Vintage Guitar - February 2017 - Open - 88
with the moves onstage. Beyond that, he
performed in three Hollywood films.
Given more time, who knows what future
Eddie Cochran's 6120
with Gibson P-90 neck
pickup and sanded-clear
pickguard. Cochran's original
While Elvis Presley and most other
rockabillies came out of the Deep South,
Cochran was born in Albert Lea, Minnesota, where his parents had migrated
from Oklahoma. In 1955, his family moved
west to Bell Gardens, California, a suburb
of Los Angeles.
A quick musical study, he took lessons in
school but quit band and the trombone to
play drums in his own group. He skipped
piano lessons and instead taught himself
guitar. His first and favorite sounds as a
teen was the country music on the radio.
Soon, he dropped out of high school and
devoted himself to playing guitar.
Soon, he was performing at an American Legion hall, when he met country
songwriter Hank Cochran. Though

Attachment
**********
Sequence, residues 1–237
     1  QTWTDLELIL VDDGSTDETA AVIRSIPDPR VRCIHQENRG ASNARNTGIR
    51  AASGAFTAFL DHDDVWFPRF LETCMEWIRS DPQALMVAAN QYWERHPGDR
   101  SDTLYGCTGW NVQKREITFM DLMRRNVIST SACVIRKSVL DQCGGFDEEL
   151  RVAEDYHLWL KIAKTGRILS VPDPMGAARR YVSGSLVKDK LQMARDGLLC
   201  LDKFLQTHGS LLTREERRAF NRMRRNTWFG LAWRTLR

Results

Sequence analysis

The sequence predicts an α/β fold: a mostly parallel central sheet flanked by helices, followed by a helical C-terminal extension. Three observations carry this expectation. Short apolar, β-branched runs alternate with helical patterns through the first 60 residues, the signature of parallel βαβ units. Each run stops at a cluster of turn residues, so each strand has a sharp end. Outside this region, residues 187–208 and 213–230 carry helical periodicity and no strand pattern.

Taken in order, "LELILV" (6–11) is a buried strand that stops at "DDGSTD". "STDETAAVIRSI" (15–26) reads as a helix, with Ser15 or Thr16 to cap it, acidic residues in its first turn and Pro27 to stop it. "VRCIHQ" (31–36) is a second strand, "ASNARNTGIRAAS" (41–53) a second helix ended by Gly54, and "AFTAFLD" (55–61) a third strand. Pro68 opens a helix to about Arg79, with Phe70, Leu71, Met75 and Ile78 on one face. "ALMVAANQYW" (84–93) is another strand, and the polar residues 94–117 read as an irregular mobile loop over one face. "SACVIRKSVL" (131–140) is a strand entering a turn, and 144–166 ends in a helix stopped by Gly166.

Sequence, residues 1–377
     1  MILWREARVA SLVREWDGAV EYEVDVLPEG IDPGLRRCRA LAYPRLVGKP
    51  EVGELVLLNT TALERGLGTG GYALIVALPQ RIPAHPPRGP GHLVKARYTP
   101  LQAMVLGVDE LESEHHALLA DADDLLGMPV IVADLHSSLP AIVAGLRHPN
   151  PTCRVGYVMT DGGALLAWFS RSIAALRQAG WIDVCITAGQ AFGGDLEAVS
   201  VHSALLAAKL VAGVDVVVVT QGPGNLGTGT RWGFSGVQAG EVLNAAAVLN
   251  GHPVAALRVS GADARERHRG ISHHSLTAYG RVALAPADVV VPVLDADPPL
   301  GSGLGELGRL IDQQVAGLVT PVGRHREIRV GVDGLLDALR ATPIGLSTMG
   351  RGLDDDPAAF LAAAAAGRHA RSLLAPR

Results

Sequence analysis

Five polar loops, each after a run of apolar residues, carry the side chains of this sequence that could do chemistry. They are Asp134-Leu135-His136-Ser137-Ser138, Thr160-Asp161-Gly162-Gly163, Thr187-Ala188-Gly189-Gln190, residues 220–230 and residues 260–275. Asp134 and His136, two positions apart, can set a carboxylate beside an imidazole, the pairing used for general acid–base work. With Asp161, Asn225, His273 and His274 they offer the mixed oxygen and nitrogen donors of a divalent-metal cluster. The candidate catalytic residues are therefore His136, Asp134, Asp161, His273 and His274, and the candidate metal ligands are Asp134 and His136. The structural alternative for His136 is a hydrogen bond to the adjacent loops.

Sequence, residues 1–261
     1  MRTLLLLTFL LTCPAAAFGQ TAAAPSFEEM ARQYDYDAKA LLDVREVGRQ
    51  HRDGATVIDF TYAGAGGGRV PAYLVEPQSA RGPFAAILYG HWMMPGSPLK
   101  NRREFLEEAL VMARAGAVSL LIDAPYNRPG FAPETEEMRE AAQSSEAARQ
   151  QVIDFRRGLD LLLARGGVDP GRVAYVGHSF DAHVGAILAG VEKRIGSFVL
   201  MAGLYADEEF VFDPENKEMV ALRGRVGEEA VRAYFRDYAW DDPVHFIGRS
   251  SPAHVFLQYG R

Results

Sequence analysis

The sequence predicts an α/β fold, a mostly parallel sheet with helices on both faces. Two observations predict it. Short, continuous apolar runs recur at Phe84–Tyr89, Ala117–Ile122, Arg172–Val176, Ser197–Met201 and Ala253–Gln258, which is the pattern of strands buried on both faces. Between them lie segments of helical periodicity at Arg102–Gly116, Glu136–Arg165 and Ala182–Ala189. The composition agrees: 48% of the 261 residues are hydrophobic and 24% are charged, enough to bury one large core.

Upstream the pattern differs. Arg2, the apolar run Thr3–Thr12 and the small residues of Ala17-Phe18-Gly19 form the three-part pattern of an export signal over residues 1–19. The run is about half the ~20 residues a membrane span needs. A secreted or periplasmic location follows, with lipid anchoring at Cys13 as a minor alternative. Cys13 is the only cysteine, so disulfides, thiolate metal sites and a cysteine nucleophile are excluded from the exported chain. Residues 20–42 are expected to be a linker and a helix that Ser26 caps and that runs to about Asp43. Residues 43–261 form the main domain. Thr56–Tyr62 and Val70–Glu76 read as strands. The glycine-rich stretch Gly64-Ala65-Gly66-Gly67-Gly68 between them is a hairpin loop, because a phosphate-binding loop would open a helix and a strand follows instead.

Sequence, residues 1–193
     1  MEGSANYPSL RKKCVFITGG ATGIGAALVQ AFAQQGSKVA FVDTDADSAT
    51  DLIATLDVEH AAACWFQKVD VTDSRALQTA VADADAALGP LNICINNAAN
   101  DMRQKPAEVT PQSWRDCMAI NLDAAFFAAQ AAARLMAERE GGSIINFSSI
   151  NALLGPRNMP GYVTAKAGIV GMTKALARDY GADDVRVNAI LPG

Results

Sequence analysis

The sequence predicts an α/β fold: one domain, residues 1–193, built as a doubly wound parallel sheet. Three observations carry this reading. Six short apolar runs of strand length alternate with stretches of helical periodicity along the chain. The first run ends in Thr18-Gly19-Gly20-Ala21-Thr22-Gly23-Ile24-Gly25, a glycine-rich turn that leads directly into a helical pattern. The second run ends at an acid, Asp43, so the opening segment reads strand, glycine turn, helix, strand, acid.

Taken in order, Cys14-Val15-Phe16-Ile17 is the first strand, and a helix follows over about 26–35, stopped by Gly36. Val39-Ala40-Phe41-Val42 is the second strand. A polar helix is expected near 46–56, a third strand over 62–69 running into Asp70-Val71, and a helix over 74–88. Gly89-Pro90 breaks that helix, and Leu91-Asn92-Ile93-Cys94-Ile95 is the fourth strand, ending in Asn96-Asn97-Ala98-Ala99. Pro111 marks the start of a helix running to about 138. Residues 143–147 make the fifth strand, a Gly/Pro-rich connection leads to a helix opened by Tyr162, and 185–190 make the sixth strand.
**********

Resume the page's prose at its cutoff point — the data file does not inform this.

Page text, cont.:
unrelated, they formed a duo as the
Cochran Brothers and performed
and recorded country music together for the Ekko label, Eddie
playing a Gibson L-4CN with a
DeArmond pickup. The duo split
amicably after a year, Hank going
on to a career in Nashville, Eddie
to rock and roll.
Cochran had heard Elvis
Presley, and like so many, he
suddenly got rhythm. Based on
some of Cochran's first recordings, Hollywood producer Boris
Petroff invited Cochran to appear in the 1956 big-budget teen
comedy film The Girl Can't Help
It, starring blonde bombshell Jayne
Mansfield. In the movie, Cochran
sang "Twenty Flight Rock" with true
swagger, punctuated by stop-time interludes, and a Memphis-style hiccupping
vocal, perhaps in caricature of Presley.
Cochran's performance caught the eye
of producers from L.A.-based Liberty
Records and he began recording at Hollywood's Gold Star Studios, becoming a
proficient session musician and producer.
In '57, he was featured in a second film,
Untamed Youth, with another platinumblonde heroine, Mamie Van Doren. He also
scored his first hit, "Sittin' In The Balcony,"
which peaked at #18 in March of '57. This
was followed by the singles "Drive-In
Show" and the stellar teen-bopping ode
"Jeannie, Jeannie, Jeannie."
In the summer of '58, Liberty released
"Summertime Blues," which Cochran
co-wrote with manager Jerry Capehart.